We like to think of ourselves as humble (or omnipotent) stewards of the Earth. We like to believe that we are the most powerful force in nature. That plants grow because we will them to. In fact, our will contributes significantly to our ability to produce huge amounts of staple foods, animal products, and even organic vegetables. Our mighty plow churns through the soil, our hands wrangle the uninvited weeds, and lo and behold, the seeds we painstakingly nurture in plastic houses set root and flourish in our fields.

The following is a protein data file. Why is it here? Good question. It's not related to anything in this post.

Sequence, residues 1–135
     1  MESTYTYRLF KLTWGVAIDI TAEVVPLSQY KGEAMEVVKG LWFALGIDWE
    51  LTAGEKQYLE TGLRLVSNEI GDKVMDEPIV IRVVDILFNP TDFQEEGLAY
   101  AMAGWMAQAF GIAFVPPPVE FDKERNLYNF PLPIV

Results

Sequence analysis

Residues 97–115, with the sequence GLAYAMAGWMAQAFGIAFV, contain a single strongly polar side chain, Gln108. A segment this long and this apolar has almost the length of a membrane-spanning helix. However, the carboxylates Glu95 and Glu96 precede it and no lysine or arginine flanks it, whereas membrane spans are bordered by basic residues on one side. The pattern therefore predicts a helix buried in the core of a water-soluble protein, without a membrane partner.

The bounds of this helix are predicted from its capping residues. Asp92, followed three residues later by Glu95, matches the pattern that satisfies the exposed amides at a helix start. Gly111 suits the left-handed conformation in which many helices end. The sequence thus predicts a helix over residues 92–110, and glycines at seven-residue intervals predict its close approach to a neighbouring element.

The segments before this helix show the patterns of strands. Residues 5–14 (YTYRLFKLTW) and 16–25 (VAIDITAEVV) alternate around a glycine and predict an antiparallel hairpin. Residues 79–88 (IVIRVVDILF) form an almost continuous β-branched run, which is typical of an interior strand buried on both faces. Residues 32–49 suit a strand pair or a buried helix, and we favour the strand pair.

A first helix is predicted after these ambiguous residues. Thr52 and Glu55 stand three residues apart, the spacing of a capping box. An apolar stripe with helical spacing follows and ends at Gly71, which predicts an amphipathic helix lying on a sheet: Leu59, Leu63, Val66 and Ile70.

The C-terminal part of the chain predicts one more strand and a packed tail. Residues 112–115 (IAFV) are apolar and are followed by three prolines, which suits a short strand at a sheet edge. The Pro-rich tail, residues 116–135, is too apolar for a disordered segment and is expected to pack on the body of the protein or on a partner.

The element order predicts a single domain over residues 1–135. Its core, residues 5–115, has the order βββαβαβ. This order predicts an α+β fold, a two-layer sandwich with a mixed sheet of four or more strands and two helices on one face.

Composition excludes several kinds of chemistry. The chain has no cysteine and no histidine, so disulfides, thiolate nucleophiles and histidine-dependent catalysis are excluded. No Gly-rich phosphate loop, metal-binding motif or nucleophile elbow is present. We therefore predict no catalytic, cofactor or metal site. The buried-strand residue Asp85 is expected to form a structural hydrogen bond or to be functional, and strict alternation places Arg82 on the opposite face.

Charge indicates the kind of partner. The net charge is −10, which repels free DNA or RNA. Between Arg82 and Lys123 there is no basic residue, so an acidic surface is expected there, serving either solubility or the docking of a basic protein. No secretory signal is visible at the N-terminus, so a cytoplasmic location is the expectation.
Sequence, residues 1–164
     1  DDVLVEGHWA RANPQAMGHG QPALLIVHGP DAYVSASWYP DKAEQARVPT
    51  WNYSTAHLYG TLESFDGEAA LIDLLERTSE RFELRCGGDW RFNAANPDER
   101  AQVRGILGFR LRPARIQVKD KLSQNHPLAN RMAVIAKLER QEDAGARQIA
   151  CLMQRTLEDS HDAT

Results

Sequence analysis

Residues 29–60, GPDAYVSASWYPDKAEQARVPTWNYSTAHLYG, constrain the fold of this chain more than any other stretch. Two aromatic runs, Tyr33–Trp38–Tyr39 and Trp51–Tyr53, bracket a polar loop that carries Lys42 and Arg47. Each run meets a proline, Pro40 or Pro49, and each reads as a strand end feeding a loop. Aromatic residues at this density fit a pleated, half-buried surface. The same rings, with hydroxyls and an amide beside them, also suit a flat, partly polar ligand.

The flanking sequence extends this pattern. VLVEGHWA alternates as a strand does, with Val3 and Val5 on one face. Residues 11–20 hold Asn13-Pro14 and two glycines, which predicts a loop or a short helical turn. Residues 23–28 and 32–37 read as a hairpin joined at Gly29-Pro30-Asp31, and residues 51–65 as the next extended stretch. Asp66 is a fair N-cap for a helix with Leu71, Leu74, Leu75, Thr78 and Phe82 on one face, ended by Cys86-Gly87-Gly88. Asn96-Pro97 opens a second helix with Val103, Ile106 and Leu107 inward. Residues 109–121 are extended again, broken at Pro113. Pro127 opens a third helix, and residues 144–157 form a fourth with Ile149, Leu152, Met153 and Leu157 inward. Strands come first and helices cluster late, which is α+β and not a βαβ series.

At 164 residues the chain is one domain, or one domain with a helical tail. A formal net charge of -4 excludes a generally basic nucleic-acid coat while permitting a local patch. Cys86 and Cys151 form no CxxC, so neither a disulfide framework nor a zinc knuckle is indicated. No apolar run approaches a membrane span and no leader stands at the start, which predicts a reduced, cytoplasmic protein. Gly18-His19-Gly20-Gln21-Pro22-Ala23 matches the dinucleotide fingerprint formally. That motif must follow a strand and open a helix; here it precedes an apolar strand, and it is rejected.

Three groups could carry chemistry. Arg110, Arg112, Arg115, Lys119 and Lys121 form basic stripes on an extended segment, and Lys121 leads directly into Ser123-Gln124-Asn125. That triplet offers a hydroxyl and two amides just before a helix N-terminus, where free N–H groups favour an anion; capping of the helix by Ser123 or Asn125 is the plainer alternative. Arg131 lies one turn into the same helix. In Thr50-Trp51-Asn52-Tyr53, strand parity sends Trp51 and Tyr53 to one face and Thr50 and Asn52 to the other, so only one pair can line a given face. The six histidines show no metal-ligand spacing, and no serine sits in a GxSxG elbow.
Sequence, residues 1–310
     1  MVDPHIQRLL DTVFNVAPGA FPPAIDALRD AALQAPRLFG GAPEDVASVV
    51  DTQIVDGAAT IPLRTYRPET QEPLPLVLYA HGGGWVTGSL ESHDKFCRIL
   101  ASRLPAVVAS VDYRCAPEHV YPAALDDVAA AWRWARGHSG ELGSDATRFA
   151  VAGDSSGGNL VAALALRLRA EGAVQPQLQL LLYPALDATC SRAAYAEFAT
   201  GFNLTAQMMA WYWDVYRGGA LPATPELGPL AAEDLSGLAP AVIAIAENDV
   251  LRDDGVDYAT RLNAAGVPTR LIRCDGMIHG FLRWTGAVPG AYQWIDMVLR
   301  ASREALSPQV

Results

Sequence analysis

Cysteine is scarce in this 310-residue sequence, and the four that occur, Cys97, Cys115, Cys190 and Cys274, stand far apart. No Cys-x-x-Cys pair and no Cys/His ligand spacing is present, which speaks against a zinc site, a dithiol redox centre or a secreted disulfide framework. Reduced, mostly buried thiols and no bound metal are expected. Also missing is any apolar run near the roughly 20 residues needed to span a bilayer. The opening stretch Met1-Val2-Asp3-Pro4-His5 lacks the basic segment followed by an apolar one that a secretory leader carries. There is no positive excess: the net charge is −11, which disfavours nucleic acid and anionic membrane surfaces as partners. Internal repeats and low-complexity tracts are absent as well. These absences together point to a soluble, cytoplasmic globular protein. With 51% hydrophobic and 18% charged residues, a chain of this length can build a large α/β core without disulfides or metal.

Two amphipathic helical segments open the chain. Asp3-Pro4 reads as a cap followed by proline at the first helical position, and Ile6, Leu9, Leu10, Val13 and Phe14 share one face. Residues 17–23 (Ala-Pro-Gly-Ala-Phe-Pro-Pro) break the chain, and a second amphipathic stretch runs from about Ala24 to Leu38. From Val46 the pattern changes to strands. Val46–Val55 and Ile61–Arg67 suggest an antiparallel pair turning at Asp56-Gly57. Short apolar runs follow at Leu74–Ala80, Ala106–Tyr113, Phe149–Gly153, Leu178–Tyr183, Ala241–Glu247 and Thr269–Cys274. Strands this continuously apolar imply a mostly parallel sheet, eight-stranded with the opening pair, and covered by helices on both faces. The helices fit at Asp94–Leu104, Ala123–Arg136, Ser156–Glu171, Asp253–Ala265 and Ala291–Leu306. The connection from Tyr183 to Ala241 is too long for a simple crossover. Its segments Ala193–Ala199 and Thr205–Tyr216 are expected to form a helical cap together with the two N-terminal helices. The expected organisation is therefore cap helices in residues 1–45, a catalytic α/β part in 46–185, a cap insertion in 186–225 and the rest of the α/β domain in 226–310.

Ever since I began dabbling in vegetarianism my freshman year of college, I’ve received a lot of bewildered, intrigued, and defensive responses. Fluctuating between omnivorism, vegetarianism, and veganism, I’ve been a proponent of each group. Through the idealism and dogma bound up in each phase, I’ve come to believe that only honesty and critical self and societal reflection can bring any progress to this hotly contended, gridlocked debate.